A family's battle to claim part of an inheritance believed to be worth half a billion pounds has been chronicled in a new book.

Titled 'Inheritance: The fight to win an aristocratic birthright and a half-billion-pound trust fund', the book centres around the Fletcher family of East Lothian, who claim descent from Robert the Bruce.

Still well known in Scotland to this day, the Fletcher lineage also includes Andrew, who opposed the 1707 Act of Union which saw his country's parliament join with England's.

While the family's pedigree has never been in doubt, what is is whether deceased Swansea factory worker Ken Matthews was the son of Jock Fletcher.

In 1933 Mr Fletcher inherited the vast Emily Charlotte Talbot trust fund which is today estimated at a value in excess of £500 million pounds and is part of an estate that includes Copped Hall in Epping.

Written by retired lawyer and best-selling author John Morris with the help of Mr Matthews' wife Penny, 'Inheritance' argues Mr Fletcher was related to the factory worker and that his descendants are now due part of the fortune.

Mr Morris explained: "Penny and I met in about February 2018, she introduced me to some witnesses and I got started right away.

"I conducted six months research before starting to write. By then I was convinced that Ken Mathews was Jock Fletcher’s son.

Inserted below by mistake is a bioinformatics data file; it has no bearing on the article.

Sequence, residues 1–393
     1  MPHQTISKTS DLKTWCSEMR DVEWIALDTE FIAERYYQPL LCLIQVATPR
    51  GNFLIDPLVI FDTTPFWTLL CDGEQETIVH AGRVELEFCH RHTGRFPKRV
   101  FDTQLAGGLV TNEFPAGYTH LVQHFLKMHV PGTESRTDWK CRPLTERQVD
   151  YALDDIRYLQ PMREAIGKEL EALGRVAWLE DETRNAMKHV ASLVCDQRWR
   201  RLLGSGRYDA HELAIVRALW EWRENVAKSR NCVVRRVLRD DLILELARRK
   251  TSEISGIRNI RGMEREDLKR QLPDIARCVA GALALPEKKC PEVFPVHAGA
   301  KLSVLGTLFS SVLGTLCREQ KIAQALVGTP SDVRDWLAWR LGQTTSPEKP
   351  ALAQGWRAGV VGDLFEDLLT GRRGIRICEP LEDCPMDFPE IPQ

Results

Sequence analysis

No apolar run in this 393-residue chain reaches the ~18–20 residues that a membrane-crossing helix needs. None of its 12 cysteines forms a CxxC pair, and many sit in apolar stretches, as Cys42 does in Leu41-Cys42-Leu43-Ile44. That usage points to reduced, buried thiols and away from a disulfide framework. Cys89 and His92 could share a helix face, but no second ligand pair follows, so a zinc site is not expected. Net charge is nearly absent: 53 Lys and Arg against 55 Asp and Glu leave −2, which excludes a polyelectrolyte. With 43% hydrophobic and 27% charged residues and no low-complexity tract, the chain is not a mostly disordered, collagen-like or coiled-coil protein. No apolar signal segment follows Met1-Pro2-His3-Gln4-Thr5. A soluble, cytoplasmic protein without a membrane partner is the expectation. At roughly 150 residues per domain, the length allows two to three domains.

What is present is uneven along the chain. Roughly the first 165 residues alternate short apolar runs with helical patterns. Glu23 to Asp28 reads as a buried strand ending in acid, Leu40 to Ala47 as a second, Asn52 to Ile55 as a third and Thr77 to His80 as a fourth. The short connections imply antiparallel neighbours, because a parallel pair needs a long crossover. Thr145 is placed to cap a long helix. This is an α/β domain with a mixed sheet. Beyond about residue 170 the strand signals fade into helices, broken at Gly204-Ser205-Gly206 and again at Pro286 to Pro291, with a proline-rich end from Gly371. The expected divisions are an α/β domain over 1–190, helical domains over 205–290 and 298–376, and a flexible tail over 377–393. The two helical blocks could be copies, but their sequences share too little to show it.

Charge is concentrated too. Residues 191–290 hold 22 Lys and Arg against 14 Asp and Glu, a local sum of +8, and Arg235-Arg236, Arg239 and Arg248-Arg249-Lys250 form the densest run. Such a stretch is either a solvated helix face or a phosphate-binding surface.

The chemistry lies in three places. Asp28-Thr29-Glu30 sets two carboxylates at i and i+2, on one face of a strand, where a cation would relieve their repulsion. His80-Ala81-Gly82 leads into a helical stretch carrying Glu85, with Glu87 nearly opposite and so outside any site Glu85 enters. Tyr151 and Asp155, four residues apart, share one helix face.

"It is not strictly necessary to have DNA to prove a paternity case, but it certainly helps.

"Even without DNA, by 1998, the Mathewses had, in my opinion, amassed sufficient evidence to prove their case several times over."

According to Mr Morris the case was thrown out after it was filed under the wrong act, leading the Matthew's family to set about gathering DNA evidence.

Now they are in possession of what they believe is Mr Fletcher's DNA, the family is waiting on laboratory tests to be returned confirming or disproving their lineage suspicions.

If they come out positive, a legal process can be triggered which may result in Mr Fletcher's body being exhumed for further analysis.

For the Matthews family however, evidence of their heritage is wound up in their family history.

According to witnesses accounts and Statutory Declarations provided by Margam Estate workers, they were told Mr Matthews was the lovechild of Margam housemaid Ivy Pinn and laird of the manor Mr Fletcher.

It is rumoured the couple enjoyed a 12-year love affair from the mid-1920s, which survived Mr Fletcher’s short marriage to socialite Norah Gabbett-Mulhallen.

Reportedly their relationship ended in 1936 when Ms Pinn fell pregnant, leaving Mr Matthews to be scooped out of a workhouse by a childless couple living in a South Wales village.

He spent the last twenty one years of his life trying to prove that Mr Fletcher was his father; not just to inherit his huge estate, but to learn if a mystery life-threatening illness was hereditary.

'Inheritance: The fight to win an aristocratic birthright' will be published later this year.

The Fletcher family's lawyers Mills & Reeve LLP declined to comment on their behalf.